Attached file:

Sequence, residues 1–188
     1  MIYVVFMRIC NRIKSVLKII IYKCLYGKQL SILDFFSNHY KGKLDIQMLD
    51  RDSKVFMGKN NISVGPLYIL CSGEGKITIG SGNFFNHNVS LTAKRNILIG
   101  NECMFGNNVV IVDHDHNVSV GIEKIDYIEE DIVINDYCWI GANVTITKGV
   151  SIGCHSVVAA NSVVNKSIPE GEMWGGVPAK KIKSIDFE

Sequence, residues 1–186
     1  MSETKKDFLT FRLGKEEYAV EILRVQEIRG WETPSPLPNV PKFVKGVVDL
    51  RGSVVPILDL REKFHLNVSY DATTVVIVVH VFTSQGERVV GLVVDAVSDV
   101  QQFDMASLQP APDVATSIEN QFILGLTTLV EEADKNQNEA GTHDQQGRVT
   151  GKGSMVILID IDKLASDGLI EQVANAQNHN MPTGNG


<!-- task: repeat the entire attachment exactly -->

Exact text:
Sequence, residues 1–188
     1  MIYVVFMRIC NRIKSVLKII IYKCLYGKQL SILDFFSNHY KGKLDIQMLD
    51  RDSKVFMGKN NISVGPLYIL CSGEGKITIG SGNFFNHNVS LTAKRNILIG
   101  NECMFGNNVV IVDHDHNVSV GIEKIDYIEE DIVINDYCWI GANVTITKGV
   151  SIGCHSVVAA NSVVNKSIPE GEMWGGVPAK KIKSIDFE

Sequence, residues 1–186
     1  MSETKKDFLT FRLGKEEYAV EILRVQEIRG WETPSPLPNV PKFVKGVVDL
    51  RGSVVPILDL REKFHLNVSY DATTVVIVVH VFTSQGERVV GLVVDAVSDV
   101  QQFDMASLQP APDVATSIEN QFILGLTTLV EEADKNQNEA GTHDQQGRVT
   151  GKGSMVILID IDKLASDGLI EQVANAQNHN MPTGNG